A July government takeover of almost 200 businesses, including two private television stations that drew nearly 40 percent of the country’s news audience, enabled leftist President Rafael Correa to further his political agenda and gain greater control of the media. After the move, Correa won a decisive victory in a referendum on a new constitution that will broaden executive powers and potentially weaken press freedom.
On July 8, members of the government’s Deposit Guarantee Agency, along with dozens of police officers, raided the Quito offices of television station Gamavisión and the premises in Quito and Guayaquil of TC Televisión. Deposit Guarantee, a state agency that protects depositors in banks that closed or went bankrupt during the financial crisis of the late 1990s, took over more than 190 properties. The government alleged that the broadcast companies had ties to Grupo Isaías, owned by brothers Roberto and William Isaías, who had moved to Miami. President Correa’s administration said Grupo Isaías owed $661 million to Ecuador because of the 1998 collapse of its banking institution, Filanbanco.
TC Televisión, the station with the largest audience in the coastal city of Guayaquil, and Gamavisión, one of the top four in the Quito region, halted news broadcasting for a few hours but resumed transmissions the next day. Enrique Arosemena, president of the state-owned television station ECTV, was immediately placed in charge of the stations. Arosemena said the outlets were “going to have a new editorial line, like all channels have, depending on their administrators,” The Associated Press said. José Toledo, a journalist and former official close to Correa, was named vice president of news programming and content.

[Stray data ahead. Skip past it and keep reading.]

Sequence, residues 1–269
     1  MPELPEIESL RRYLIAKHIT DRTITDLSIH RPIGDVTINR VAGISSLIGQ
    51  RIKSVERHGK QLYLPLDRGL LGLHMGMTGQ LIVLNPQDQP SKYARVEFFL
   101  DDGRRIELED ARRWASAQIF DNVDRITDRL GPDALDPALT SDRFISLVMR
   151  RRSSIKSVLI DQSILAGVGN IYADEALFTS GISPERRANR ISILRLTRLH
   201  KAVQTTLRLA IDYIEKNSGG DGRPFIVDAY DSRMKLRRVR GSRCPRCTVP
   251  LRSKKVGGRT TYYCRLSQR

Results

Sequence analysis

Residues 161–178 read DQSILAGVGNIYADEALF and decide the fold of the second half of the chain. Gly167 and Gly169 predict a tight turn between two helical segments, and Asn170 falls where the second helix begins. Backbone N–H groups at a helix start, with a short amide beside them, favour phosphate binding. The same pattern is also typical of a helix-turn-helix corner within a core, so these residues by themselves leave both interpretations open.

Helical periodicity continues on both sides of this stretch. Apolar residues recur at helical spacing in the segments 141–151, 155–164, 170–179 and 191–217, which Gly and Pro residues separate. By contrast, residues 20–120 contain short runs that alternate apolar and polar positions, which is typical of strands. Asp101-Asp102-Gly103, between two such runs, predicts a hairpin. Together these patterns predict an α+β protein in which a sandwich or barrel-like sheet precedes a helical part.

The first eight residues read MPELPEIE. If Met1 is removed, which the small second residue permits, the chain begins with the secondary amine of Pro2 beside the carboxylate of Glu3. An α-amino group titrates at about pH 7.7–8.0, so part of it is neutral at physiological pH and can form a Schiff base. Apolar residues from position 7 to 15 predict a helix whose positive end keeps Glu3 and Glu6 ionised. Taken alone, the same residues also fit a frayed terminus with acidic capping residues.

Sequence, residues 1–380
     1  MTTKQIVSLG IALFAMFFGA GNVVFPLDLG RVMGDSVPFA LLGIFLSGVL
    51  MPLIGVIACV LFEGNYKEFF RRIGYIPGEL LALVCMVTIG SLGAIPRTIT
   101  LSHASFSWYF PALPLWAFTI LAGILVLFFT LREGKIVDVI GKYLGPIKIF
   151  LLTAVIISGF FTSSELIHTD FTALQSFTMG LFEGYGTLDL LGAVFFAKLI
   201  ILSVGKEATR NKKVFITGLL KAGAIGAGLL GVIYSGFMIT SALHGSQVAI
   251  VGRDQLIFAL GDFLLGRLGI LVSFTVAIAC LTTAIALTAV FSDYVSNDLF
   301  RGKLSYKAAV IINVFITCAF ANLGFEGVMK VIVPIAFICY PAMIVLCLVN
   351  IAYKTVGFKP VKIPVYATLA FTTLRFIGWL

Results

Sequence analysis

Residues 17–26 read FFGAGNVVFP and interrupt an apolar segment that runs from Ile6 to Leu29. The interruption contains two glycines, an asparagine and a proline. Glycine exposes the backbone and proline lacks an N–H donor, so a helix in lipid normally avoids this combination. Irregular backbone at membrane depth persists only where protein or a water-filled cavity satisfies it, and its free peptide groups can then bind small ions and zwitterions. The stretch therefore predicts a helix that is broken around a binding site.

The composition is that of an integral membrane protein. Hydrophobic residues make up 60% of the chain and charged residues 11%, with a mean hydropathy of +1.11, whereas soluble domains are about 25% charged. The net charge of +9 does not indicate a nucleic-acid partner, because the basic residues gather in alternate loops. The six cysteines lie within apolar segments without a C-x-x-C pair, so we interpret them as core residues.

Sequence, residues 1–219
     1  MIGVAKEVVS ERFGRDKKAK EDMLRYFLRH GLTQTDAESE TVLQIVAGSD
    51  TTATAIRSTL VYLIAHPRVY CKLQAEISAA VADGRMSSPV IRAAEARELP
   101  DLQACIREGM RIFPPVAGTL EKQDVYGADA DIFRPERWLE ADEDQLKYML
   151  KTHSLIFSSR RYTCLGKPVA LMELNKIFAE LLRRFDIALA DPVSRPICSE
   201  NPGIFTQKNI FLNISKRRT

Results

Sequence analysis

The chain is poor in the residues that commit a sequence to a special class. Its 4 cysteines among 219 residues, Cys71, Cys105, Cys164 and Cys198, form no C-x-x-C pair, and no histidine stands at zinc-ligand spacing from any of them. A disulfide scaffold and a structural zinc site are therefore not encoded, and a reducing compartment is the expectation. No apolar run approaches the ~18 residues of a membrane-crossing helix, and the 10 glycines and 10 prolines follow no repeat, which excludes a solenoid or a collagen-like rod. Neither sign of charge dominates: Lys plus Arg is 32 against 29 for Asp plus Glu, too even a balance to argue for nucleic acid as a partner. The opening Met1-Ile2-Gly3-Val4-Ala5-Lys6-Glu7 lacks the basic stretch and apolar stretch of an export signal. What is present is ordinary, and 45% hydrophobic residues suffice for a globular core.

The government’s decision sparked immediate controversy. Economics Minister Fausto Ortiz resigned in opposition to the takeover shortly after the measure was announced. The stations’ owners, who said they had no business connections to Grupo Isaías, called the seizures an attack on free expression. Local journalists questioned the timing of the decision. The government’s actions, they said, came as Correa was seeking to boost support for a new constitution that was headed to a national referendum. Analysts said that the subsequent change in the stations’ editorial stance favored the Ecuadoran administration. Reporters also believed the takeover compromised the diversity of news coverage ahead of the vote.
“The whole thing is a political scheme by Correa to grab the group’s television stations, put government loyalists at their helm, and control the airwaves to win a September referendum that would allow him to tighten his grip on the country and seek re-election,” wrote Andrés Oppenheimer, a CPJ board member, in his column for The Miami Herald.
The Ecuadoran government strongly defended the decision and denied the takeover was an assault on press freedom. Correa said the confiscation was aimed at recovering money that belonged to Ecuadorans, according to press reports. Newly appointed Economics Minister Wilma Salgado said the government did not intend to take control or interfere with the stations, and she stressed that press freedom would be protected in Ecuador.